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Reading that Changed my View of History Education: Nokes' Learning to Read and Reason

Posted by Cynthia Wallace...
20 January 2015 - 8:38pm

Picture this:

"Ms. Cordova, the principal at McArthur Middle School, walks down the hall of the social studies department during third period. She notices the lights are off in Mr. Hanks’ classroom and, glancing in, observes that he is showing students a video. Most students are filling out a worksheet. Ms. Cordova is distracted by loud voices coming from the next classroom down the hall. As she approaches, she hears students reciting in unison the names of the presidents of the United States in chronological order… Finally Ms. Cordova sees Mr. Rich’s classroom, the class she has come to observe. As she enters, students’ behaviour appears somewhat chaotic… As Ms. Cordova approaches, Mr. Rich nervously welcomes her, inviting her to join the students’ discussions. Students pay little attention to her. They are looking at a black and white photograph of children working in a textile mill..." (Nokes, 2013, p.3).

These words are drawn from the opening passage of Jeffrey Nokes’ publication Building Students’ Historical Literacies: Learning to Read and Reason with Historical Texts and Evidence (2013). Having completed 13 weeks of fieldwork with a class of seventh-graders (exploring the role of evidence and sources in history education), I see great relevancy in Nokes’ words.

Through "quasi-autobiographical" vignettes that set the stage for each chapter, we enter into the world of the classroom teacher. In this way we are able to empathise with the challenges—as well as rewards—teachers face in integrating Historical Thinking concepts into history education. Indeed, as both Ronald Martinello and David Bussel have confided, the transition from a "Mr. Hanks" to a "Mr Rich" is not an easy task. Reflecting back on my own (relatively brief) classroom experience, such a transition in learning culture can be challenging at best; Nokes, however, demonstrates how it can be done.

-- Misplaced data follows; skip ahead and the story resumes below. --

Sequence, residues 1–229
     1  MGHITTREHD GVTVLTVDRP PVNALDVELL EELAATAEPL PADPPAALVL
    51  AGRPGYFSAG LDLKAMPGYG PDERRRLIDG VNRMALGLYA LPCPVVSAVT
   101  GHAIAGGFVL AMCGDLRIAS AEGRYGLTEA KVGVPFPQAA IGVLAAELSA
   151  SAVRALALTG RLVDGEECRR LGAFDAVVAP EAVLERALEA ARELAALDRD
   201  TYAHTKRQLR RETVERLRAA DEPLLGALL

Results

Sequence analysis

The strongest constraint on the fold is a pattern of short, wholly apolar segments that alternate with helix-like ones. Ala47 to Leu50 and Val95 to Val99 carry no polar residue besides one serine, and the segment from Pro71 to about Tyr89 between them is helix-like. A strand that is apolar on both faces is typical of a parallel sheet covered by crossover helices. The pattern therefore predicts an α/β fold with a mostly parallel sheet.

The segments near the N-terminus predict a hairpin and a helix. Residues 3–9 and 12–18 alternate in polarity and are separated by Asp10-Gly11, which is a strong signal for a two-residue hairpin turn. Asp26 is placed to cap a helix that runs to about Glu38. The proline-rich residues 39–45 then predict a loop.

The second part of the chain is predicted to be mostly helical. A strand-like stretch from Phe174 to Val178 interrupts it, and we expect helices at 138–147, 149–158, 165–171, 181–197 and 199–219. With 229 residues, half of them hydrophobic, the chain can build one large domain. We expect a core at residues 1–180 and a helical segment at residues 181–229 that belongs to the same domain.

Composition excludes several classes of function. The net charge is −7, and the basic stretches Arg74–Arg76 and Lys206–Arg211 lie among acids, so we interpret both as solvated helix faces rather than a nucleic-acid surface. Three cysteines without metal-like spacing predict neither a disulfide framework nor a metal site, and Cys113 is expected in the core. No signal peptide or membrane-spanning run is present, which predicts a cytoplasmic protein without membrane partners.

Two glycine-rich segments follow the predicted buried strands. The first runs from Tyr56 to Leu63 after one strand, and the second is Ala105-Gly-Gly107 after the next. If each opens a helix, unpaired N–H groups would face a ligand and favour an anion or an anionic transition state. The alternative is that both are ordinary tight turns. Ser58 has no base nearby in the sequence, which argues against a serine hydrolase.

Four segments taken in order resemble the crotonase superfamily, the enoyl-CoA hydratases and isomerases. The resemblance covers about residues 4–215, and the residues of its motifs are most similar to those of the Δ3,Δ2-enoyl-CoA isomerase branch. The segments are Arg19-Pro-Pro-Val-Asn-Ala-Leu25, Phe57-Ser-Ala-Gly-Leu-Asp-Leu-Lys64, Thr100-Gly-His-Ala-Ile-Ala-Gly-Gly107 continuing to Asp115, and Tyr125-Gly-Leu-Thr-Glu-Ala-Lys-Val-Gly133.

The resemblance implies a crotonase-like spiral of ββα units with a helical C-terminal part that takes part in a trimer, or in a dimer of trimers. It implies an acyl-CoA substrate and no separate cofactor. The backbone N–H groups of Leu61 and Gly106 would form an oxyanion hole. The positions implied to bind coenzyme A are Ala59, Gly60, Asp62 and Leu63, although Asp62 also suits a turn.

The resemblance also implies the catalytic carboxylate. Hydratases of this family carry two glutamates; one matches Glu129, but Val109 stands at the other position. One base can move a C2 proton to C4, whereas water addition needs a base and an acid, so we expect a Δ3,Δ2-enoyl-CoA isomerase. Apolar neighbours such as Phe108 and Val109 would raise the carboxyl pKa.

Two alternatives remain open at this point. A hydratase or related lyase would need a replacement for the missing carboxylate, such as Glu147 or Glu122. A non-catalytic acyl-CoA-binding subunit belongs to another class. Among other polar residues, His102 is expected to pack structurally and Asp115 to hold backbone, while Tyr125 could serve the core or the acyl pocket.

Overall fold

Over 13 chapters, he points out how students can be enabled to use evidence to respond to interpretive questions about the past. This is accomplished by using primary and secondary source accounts, as well as historical novels, census records, physical traces, and other artifacts, to explore well defined aspects of history. With each example, the teachers follow a common pattern for planning and delivery:

  • selection of objective,
  • selection of texts,
  • determination of support and structure that students require to use the texts,
  • and execution of the lesson (Nokes, 2013, p. 194).

In the final chapter, Nokes provides several practical tips for getting started in building students’ historical literacies. These include starting out small, borrowing from colleagues as well as Internet sources, using graphic organisers to build structure along with accountability, and focusing on depth rather than breadth in content coverage.

For those beginning their teaching career, or for those simply wishing to adopt “Mr. Rich’s” teaching style, much practical advice can be drawn from this book. As Sam Wineburg points out, the author “combines salt-of-the earth wisdom with concrete examples from real schools and real teachers” (p.xii). Because of his insightful method of presenting pedagogical content knowledge, Nokes has helped me to gain more confidence in my own approach to inquiry-based learning.


Bussell, D. (2014). Teaching historical thinking to B.Ed students: What happens part II (Retrieved from /drupal_blank/en/content/teaching-historical-thinking-bed-students-what-happens-part-ii).

Martinello, R. (2014). Thoughts on how to teach using historical thinking concepts (Retrieved from:

Nokes, J. (2013). Building students’ historical literacies: Learning to read and reason with historical texts and evidence. New York: Routledge.